Intrauterine closure of MMC is a great advance in neurosurgery. It has been shown with class I evidence to be beneficial for families who meet strict criteria.1 The power and the promise of this work require that we ensure that studies of this treatment are rigorously conducted and reported.

Disclosures

The authors report no conflict of interest.

References

  • 1

    Adzick NSThom EASpong CYBrock JW IIIBurrows PKJohnson MP: A randomized trial of prenatal versus postnatal repair of myelomeningocele. N Engl J Med 364:99310042011

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  • 2

    Dewan MCWellons JC III: Fetal surgery for spina bifida. JNSPG 75th Anniversary invited review article. J Neurosurg Pediatr 24:1051142019

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    • Export Citation
  • 3

    Flanagan AGorzkowski MAltiok HHassani SAhn KW: Activity level, functional health, and quality of life of children with myelomeningocele as perceived by parents. Clin Orthop Relat Res 469:123012352011

    • Search Google Scholar
    • Export Citation
  • 4

    Mummareddy NDewan MCHuang ABasem JBennett KAShannon CN: Intrauterine closure of myelomeningocele is associated with superior long-term quality of life than postnatal closure: a single-center study. J Neurosurg Pediatr 24:1151192019

    • Search Google Scholar
    • Export Citation
  • 5

    Rocque BGBishop ERScogin MAHopson BDArynchyna AABoddiford CJ: Assessing health-related quality of life in children with spina bifida. J Neurosurg Pediatr 15:1441492015

    • Search Google Scholar
    • Export Citation
  • 6

    Tulipan NWellons JC IIIThom EAGupta NSutton LNBurrows PK: Prenatal surgery for myelomeningocele and the need for cerebrospinal fluid shunt placement. J Neurosurg Pediatr 16:6136202015

    • Search Google Scholar
    • Export Citation
Keywords:

Response

We read with interest the letter to the editor by Dr. Rocque, Ms. Hopson, and Dr. Blount regarding the invited article on fetal surgery for spina bifida that was written in celebration of the Journal of Neurosurgery’s 75th anniversary. These concerns spill over to the original MOMS published in the New England Journal of Medicine in 2011, the follow-up study specific to hydrocephalus from that same cohort published in 2015, and the report on the results of a long-term study by our group in the same issue.1–3 We address these concerns below.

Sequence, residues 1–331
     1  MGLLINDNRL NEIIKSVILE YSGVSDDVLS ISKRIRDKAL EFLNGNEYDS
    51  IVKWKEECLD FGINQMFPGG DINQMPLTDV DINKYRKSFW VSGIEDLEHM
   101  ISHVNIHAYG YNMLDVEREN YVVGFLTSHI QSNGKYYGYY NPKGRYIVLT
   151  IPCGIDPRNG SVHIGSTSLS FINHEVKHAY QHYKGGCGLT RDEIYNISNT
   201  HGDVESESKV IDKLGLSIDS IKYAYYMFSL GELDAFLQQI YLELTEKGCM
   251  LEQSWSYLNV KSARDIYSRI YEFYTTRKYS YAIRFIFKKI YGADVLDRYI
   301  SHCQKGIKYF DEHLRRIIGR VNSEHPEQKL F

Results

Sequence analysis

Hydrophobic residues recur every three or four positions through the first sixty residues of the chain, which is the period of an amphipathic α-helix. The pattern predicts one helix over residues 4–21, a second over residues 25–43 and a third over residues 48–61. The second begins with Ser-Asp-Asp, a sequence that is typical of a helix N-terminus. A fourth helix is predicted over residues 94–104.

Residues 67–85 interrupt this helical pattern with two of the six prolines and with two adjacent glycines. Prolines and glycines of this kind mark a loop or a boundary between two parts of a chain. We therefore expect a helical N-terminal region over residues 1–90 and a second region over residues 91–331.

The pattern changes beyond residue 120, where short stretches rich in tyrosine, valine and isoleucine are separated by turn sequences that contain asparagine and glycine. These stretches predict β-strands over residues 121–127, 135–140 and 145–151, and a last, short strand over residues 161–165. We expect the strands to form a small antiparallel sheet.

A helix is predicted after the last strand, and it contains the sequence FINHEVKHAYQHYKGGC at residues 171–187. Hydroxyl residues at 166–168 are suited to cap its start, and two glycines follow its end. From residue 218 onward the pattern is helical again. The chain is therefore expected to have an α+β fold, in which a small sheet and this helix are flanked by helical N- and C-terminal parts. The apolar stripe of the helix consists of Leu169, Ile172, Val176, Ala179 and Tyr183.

Issue 1 is that of the external validity of MOMS due to the study inclusion criteria. We are not well versed on a study without some sort of inclusion or exclusion criteria. A quick check of an early surgical trial, the Asymptomatic Carotid Atherosclerosis Study published in 1995, shows that even with its limited exclusion criteria, more than 42,000 patients were screened and only 1662 were enrolled. Unless we were to randomize all patients with said disease process, we have to bear the validity issues raised with inclusion criteria. One can state that a given study seems accurate for the studied population, but how valid, or generalizable, it is depends on those criteria. The MOMS inclusion criteria, as detailed in both the original paper and our review, were defined by the original investigators and based on expertise, data, and consensus in the time leading up to the trial. We, the readers and recipients of the results, are left to decide if we then keep the parameters steady in our implementation of the results or push the envelope closer to the edge of safety. Prior placental abruption, age younger than 18 years, and twin pregnancy all seem appropriate exclusions considering the risk entailed with the actual surgery itself.